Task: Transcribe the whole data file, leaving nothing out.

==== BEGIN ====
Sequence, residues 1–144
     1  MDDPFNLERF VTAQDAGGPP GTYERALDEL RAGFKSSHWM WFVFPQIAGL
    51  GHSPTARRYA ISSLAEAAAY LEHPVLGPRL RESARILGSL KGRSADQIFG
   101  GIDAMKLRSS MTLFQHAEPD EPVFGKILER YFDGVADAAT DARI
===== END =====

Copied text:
Sequence, residues 1–144
     1  MDDPFNLERF VTAQDAGGPP GTYERALDEL RAGFKSSHWM WFVFPQIAGL
    51  GHSPTARRYA ISSLAEAAAY LEHPVLGPRL RESARILGSL KGRSADQIFG
   101  GIDAMKLRSS MTLFQHAEPD EPVFGKILER YFDGVADAAT DARI